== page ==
Home On Facebook, What You Give is What You Get

On Facebook, What You Give is What You Get

It’s your best friend from 5th grade’s birthday, and you almost missed it because you were stalking your 7th grade best friend on Facebook. The time is now 9pm, in your time zone. In a moment of freedom, you return to Facebook.com and notice the tiny birthday notifications in the upper-righthand corner. Is it too late to wish your 5th grade best friend a happy Facebook birthday? You race over to his page and try to say something witty. “Happy birthday bro-dude!” you write, crouched over your keyboard. You were on Facebook this morning but were way too busy trying to just catch up on the newsfeed-filtered news of the day and forgot to pay attention to birthdays. And now, you just feel sad.

In our information-overload culture that lives as excited, exclamation-point riddled posts on Facebook and dies as wish-I-hadn’t-said-that status updates that you later delete when, hopefully, no one is watching (but who knows who is watching, really), it is easy to miss the moments that actually matter, truly mean something.

So now to the point of my story: There’s an app for that, and it attempts to address some of the “too-many-friends” syndrome that some Facebook users know quite well.

Launched yesterday, Karma for iPhone app connects with your Facebook account and attempts to identify and highlight your most meaningful connections and their important moments. These milestones/moments include birthdays, new jobs, important events (moving day, birthday, art shows on my Karma app screen), other celebrations (engagements) and “tough days” (a friend’s dog died, a cat died, a fellow journalist died). The app implies that important events call for spontaneous gifts.

“We wanted to be able to connect to friends in those moments,” Lee Linden tells Co.Design. “So this is an in-the-moment gift service.” To that point, he adds: “We grew tired of missing important moments like a baby or a graduation,”

For people who mix various communities on Facebook, this means that there’s an impulsive moment available anytime, anywhere, to buy gifts for your Facebook friends. There is a nice variety of potential gifts to give, including Vosges chocolate, whisky stones, a Morse code necklace or handmade gourmet candies. If you don’t like the gift, you can exchange it for something else in the Karma app store.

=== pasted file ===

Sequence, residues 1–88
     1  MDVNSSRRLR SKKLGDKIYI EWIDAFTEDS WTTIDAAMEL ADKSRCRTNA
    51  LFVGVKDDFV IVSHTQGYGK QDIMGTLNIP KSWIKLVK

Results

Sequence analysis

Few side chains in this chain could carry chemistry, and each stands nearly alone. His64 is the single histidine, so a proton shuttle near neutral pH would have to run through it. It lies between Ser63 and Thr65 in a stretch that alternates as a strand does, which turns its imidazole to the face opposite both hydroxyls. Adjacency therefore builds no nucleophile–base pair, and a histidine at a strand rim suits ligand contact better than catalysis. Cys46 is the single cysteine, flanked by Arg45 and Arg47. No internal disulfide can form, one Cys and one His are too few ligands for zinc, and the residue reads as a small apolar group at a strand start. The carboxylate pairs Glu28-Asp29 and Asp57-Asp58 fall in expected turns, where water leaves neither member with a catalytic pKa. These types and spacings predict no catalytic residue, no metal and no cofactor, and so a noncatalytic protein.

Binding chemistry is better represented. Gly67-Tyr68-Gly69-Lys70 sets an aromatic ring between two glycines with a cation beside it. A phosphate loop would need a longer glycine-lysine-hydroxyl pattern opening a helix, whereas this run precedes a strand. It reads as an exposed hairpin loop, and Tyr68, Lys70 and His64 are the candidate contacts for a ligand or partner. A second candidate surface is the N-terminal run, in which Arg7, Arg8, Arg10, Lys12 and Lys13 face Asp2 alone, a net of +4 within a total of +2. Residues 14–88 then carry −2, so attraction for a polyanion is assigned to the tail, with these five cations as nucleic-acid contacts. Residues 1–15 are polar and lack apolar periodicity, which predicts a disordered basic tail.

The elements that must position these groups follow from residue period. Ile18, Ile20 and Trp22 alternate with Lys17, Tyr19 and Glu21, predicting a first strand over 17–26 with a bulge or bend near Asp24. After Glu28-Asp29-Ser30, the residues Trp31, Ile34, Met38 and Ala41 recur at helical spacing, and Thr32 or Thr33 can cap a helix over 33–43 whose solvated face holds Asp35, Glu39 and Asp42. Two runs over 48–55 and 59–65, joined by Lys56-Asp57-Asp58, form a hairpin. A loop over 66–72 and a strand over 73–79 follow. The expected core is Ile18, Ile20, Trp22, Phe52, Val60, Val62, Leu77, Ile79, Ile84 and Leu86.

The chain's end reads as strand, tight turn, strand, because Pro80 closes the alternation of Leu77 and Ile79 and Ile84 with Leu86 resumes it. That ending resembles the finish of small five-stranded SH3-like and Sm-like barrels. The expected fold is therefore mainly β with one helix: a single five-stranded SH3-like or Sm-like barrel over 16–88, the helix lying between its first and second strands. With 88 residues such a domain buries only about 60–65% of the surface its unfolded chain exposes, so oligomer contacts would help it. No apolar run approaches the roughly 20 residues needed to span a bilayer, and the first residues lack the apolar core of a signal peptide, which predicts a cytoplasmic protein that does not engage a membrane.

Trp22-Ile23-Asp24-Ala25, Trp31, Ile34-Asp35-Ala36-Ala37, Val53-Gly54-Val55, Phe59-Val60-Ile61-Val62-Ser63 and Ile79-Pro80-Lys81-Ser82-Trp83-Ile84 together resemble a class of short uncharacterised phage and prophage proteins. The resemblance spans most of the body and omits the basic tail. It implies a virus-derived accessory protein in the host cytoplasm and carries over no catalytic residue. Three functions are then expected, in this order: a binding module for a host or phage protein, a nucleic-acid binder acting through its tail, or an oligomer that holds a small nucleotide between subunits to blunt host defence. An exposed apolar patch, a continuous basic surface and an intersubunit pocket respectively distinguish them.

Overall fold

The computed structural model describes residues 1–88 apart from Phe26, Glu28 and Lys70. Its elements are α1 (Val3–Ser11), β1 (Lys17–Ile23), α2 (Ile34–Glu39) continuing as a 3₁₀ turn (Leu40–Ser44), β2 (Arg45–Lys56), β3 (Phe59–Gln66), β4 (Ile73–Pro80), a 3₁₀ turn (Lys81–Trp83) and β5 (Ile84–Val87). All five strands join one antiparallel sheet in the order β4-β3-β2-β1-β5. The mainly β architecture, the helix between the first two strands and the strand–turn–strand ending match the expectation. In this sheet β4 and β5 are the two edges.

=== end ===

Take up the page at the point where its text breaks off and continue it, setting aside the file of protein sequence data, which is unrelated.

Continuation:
Gift-Giving As A Quick Fix

Today, the beloved Leap Day, happens to be my Facebook friend David Ford‘s birthday. David is a Kansas City-based artist who I had the pleasure of meeting a few years ago. I explored the inner workings of his mind through a studio visit. (I also reviewed one of his shows for the magazine Art Papers.) In his work, David discusses his love/hate kinda relationship with this country, evidenced through the passionate, at times fervent brush strokes that slide across his paintings. His work juxtaposes classic American symbols with faux luxury moments to paint a provocative, oft-times paradoxical view of the American cultural landscape.

Your Face Here, 2008 (courtesy of DavidFordArt.com)

Karma app suggests Whisky Stones (™) as one of the gifts I could send to David on his Leap Day birthday. To do this, all I have to do is click through and select the gift and David as the recipient. Karma sends a text, email or Facebook message to him so that he will get it and open the (virtual) gift immediately. Then I have to ask David where he wants the (real) gift shipped. Instantaneous delivery! Karma achieved, momentarily!

The Karma app is a good idea, don’t get me wrong. I am not dissing it. Apps like this make f-commerce a.k.a. the mallification of Facebook seem like real possibility moving forward.

But there is one caveat: The act of gift-giving through this means provides a temporary fix, not long-lasting satisfaction. The Karma app creators understand.

“We found ourselves relegated to a Facebook post or making a note to buy them a card at CVS and then we’d forget,” Linden said in an interview. “We’d feel really terrible about that.”

What this app also does is contribute to the strange cultural phenomenon of over-friending, which has essentially cluttered news feeds and caused bizarre overlap amongst Facebook users’ normally neatly segmented lives. It’s like the Seinfeld “Independent George/Worlds Collide” episode. It’s yet another reason Facebook birthdays are so weird. Not even Facebook lists can help truly manage the menagerie of friends one has. At the end of the day, sometimes defriending is the best option.

So what of the Karma app for iPhone? Yes, I implore you to try it, see how it feels. Tell me a story about it in the comments section. Like Facebook, it’s pretty good at identifying users you interact with often and are thus deemed important to you. Of course, it cannot read into the intricacies of human relationships. That’s something you’ll have to do offline.

Images courtesy of DavidFordArt.com and Shutterstock.

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